Alberta Union of Provincial Employees vice-president Bonnie Gustola criticized provincial government layoffs at a rally that drew more than 80 people at City Hall Park on Friday.
Photo by PAUL COWLEY/Advocate staff
More than 80 rally in Red Deer against government health, education cutbacks

Rally at City Hall Park organized by the Council for Canadians

The higher the education level, the higher the income of some 1.3 million post-secondary graduates surveyed between 2010 and 2015, with master's degrees paying off the most. But the findings also suggest that gender and timing matter. (Black Press Media File).
2020 high school grads won’t get their ceremony

Decision announced by Lindsay Thurber and Hunting Hills high schools, and Gateway Christian School

B.C. Liberal leader Andrew Wilkinson, B.C. NDP leader John Horgan and B.C. Greens leader Sonia Furstenau. (Black Press Media)
VIDEO: One day until B.C. voters go to the polls in snap election defined by pandemic

NDP Leader John Horgan’s decision to call an election comes more than a year ahead of schedule and during a pandemic

Alice Kolisnyk, deputy director of the Red Deer Food Bank, says the agency expects an increase in demand as the COVID-19 pandemic continues. Every new subscription to the Red Deer Advocate includes a $50 donation to the food bank. (Photo by BYRON HACKETT/Advocate Staff)
Support the food bank with a subscription to the Red Deer Advocate

The community’s most vulnerable members are always in need of a hand,… Continue reading

New voluntary measures, including the encouragement of more mask wearing, have been introduced in the Edmonton health zone. “Red Deer has been very fortunate to have relatively low case numbers . . . relative to the rest of the province and the country,” says Mayor Tara Veer. THE CANADIAN PRESS/Graham Hughes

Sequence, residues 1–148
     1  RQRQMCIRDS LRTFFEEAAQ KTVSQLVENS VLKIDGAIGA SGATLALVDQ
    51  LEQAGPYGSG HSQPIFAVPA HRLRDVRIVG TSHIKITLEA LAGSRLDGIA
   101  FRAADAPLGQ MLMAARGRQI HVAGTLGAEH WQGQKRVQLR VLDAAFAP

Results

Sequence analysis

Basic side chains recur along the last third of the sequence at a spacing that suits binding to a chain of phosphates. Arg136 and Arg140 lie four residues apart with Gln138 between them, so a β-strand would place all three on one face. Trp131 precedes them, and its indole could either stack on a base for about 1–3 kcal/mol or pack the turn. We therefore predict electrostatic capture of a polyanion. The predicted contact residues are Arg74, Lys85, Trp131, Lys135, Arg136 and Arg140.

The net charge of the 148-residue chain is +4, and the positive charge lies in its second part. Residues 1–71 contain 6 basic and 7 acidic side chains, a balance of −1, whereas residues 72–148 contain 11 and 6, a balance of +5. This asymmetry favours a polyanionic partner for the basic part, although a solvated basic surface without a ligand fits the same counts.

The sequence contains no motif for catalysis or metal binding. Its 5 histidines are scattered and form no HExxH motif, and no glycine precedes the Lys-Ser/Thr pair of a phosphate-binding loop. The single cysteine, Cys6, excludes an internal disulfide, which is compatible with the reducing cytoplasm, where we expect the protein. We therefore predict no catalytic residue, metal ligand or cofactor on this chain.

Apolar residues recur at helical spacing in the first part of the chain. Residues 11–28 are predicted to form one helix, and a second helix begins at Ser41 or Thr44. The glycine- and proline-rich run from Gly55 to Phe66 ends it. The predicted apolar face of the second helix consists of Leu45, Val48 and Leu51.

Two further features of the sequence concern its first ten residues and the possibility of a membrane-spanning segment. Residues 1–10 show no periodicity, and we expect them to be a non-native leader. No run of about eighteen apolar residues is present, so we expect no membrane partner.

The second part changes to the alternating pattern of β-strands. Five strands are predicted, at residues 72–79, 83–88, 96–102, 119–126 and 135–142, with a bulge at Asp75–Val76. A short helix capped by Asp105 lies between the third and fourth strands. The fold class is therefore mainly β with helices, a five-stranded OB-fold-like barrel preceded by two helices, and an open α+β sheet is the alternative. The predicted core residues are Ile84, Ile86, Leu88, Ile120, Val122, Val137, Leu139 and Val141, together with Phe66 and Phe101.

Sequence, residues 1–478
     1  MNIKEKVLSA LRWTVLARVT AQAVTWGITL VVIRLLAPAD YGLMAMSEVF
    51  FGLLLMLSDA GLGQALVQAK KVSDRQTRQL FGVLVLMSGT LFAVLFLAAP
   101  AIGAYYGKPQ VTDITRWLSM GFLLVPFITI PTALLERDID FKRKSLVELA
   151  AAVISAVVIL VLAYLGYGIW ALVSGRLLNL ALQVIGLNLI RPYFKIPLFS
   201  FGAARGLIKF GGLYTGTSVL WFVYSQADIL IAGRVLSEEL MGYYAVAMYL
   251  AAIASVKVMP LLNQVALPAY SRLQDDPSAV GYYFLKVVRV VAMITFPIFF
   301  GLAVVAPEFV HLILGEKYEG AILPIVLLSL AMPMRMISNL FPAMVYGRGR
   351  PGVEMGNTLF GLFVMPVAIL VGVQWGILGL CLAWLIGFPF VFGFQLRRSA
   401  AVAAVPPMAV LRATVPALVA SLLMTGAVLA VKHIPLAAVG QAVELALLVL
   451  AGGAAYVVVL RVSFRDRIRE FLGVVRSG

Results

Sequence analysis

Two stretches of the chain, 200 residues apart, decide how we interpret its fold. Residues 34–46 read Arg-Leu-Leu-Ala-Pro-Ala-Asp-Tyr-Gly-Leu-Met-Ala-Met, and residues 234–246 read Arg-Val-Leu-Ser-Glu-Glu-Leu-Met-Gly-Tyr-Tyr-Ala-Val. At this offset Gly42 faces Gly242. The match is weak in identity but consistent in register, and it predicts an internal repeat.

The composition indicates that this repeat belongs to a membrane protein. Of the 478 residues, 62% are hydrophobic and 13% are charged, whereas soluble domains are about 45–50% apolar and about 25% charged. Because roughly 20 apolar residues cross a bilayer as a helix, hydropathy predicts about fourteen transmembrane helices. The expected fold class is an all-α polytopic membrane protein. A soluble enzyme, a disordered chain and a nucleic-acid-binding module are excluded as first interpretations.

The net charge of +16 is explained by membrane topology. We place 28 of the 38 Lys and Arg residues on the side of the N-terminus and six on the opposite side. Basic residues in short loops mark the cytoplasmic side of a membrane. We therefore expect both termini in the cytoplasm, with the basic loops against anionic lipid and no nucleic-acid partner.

POLL: Should Alberta have stricter rules to help prevent the spread of COVID-19?

Should Alberta have stricter rules to help prevent the spread of COVID-19?… Continue reading

Mariah Bell of the United States, competes during women's short program in the International Skating Union Grand Prix of Figure Skating Series, Friday, Oct. 23, 2020, in Las Vegas. (AP Photo/David Becker)
Nathan Chen dominates again in Skate America short program

Nathan Chen dominates again in Skate America short program

Lanto Griffin putts on the ninth hole during the second round of the Zozo Championship golf tournament Friday, Oct. 23, 2020, in Thousand Oaks, Calif. (AP Photo/Marcio Jose Sanchez)
Thomas has a fast start for a 65 and a 1-shot lead at Zozo

Thomas has a fast start for a 65 and a 1-shot lead at Zozo

Mariah Bell of the United States, competes during women's short program in the International Skating Union Grand Prix of Figure Skating Series, Friday, Oct. 23, 2020, in Las Vegas. (AP Photo/David Becker)
Bell, Tennell go 1-2 in Skate America short program

Bell, Tennell go 1-2 in Skate America short program

Team Saskatchewan skip Matt Dunstone flips his broom in frustration following a shot as they take on Team Alberta in the playoffs at the Brier in Kingston, Ont., on Saturday, March 7, 2020. THE CANADIAN PRESS/Sean Kilpatrick
Team Matt Dunstone considers relocation due to restrictions in Saskatchewan

Team Matt Dunstone considers relocation due to restrictions in Saskatchewan

Police in Ottawa are investigating an incident of hate-motivated graffiti at the National War Memorial. The alleged incident happened last Friday night, when police say a man, shown in a police handout photo, used a sharp object to engrave a hateful message on the Tomb of the Unknown Soldier. THE CANADIAN PRESSS/HO-Ottawa Police Service MANDATORY CREDIT
Ottawa police investigating hate-motivated graffiti incident at National War Memorial

Ottawa police investigating hate-motivated graffiti incident at National War Memorial

Indigenous fisherman Robert Syliboy stands on the wharf in Saulnierville, N.S. on Wednesday, Oct. 21, 2020. Tensions remain high over an Indigenous-led lobster fishery that has been the source of conflict with non-Indigenous fishermen. THE CANADIAN PRESS /Andrew Vaughan
For Mi’kmaq fishers, dreams of a peaceful harvest on N.S. waters repeatedly dashed

For Mi’kmaq fishers, dreams of a peaceful harvest on N.S. waters repeatedly dashed

Most Read